Are candidates ghosting you? Failing to show up for an interview, even dropping out after an offer is made? If it seems like it’s happening more often, you’re not alone. Data shows a nearly 10% increase in 2021 compared to 2019.
Want to know why?
For starters, candidates have been experiencing ghosting for a long time, and they still are at much higher rates than the reverse. It doesn’t make it right on either side — it is rude and unprofessional in any circumstance — but it certainly makes it more likely that a candidate will ghost you.
It’s more than that, though. People don’t call back because they have lost interest. Somewhere in the process they stopped wanting to work for you. Ghosting is just a symptom of a broken hiring system. So, what’s the best way to ensure your ideal candidate doesn’t ghost you?
Don’t give them a reason to.
Some candidates will withdraw no matter what you do, but there are also specific reasons why other people are dropping out without so much as a goodbye. Thankfully, they can be identified and fixed. Surveys reveal, in addition to ghosting, the following issues:
- A lack of relevant, accurate information about the position
- A lackluster effort to “sell” the company
- A hiring process that takes too long
- A job with better pay and benefits
Some of these issues are a matter of the candidate’s opinion, but there are still concrete steps companies and recruiters can take to avoid being charged with such offenses. Let’s take a look:
- Stay in touch at every step of the process. Do not ghost anyone, at any stage. Automate the process to ensure that every applicant is acknowledged from the start and informed of whether they will move on to each subsequent stage — this is especially important early on when there are more candidates in the mix. The sooner you communicate personally, the better, so identifying your top candidates quickly is a priority. The further someone makes it in the process, the more important it is to personally and professionally let them know if they are not offered the position. We all know that people talk, so protect your reputation and avoid burning a bridge with someone you might want to hire later on.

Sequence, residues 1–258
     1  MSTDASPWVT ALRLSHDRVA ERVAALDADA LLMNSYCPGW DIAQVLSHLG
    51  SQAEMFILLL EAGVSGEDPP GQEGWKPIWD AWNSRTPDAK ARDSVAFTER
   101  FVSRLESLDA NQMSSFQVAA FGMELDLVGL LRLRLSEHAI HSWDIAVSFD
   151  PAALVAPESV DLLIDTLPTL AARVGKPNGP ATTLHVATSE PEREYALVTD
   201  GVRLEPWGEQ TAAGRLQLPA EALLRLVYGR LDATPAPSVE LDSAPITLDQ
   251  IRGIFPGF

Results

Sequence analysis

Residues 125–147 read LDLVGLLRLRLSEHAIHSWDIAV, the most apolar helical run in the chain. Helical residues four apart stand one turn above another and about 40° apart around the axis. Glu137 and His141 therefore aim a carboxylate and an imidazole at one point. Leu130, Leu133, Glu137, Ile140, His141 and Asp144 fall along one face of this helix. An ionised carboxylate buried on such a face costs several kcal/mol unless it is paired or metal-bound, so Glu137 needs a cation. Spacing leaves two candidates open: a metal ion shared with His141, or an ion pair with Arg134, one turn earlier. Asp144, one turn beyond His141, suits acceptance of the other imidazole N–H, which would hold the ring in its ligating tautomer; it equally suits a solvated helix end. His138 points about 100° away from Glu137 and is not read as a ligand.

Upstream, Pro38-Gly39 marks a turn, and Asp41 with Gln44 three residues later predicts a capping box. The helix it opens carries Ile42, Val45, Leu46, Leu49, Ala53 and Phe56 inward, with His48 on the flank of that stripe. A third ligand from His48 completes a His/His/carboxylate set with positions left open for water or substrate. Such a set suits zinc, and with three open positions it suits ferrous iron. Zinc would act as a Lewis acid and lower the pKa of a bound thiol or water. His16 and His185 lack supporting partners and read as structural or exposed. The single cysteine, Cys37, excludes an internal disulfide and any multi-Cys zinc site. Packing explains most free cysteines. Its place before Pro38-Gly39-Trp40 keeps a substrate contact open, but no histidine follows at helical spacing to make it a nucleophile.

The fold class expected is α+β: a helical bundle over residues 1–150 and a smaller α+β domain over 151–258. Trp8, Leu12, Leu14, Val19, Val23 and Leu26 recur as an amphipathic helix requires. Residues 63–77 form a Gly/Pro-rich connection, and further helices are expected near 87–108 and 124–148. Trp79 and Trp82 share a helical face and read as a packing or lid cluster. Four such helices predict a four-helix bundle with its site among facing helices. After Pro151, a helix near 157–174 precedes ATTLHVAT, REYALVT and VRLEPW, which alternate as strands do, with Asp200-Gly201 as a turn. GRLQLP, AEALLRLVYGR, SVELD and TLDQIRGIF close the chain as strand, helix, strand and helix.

- Provide accurate and relevant information throughout the process. This may seem simple, but it covers a lot of things. Take job descriptions, for example: When you provide vague descriptions or unrealistic qualifications, you put certain candidates — who may not realize they’re underqualified until it’s too late — in a position to fail. And if you don’t include clear compensation info (i.e., people’s biggest concern when applying) early on in the process, some applicants may walk away disappointed when their expectations aren’t met. The more transparent you are from the very beginning, the less likely it is that you will be ghosted after investing significant time and effort.
- Ensure your candidates have a great experience. Don’t leave things to chance. Understand that the experience starts the moment they apply. You need to sell the position to them, and you want them to feel excited about the opportunity. Train your people to interview well. Ensure that the candidate experience showcases the best of your company. Don’t act as if anyone would be lucky to work here — that’s never an effective attitude to have, and right now especially, it will lose you people.
- Speed things up. I’m not the first person giving this advice…because it’s just good advice! Hiring is a time-consuming process that has to compete with the actual work your company does. I understand that people are busy, schedules are tight, and the pandemic has complicated it all even more. But those reasons also reveal why it’s critical to streamline as much as possible. Scheduling team interviews — or at least scheduling all of them on the same day — is a good idea. Getting rid of red tape, multiple layers of approval, or other procedural roadblocks can help, too. Finally, consider committing to making a decision within a certain time frame rather than letting the position remain open and accepting applicants for months. You’ll miss out on someone good while you’re waiting for the purple unicorn.
- Review and compare your salary and other compensation to current market offerings. If you are losing candidates late in the process, even being ghosted after making an employment offer, it’s probably the money. First, make sure your rates are competitive or be prepared to have a harder time filling jobs. Second, emphasize that you are willing to negotiate and potentially meet other offers, if possible. It’s a strategy that needs to be employed carefully and with your best candidates and most critical positions, but it may help you avoid the ghosting and at least have a chance.
You might not eliminate ghosting in your hiring process, but you can certainly reduce it. With the competition for talent as fierce as it’s ever been, you want to make sure your process is as good as it can be. I hope these tips help!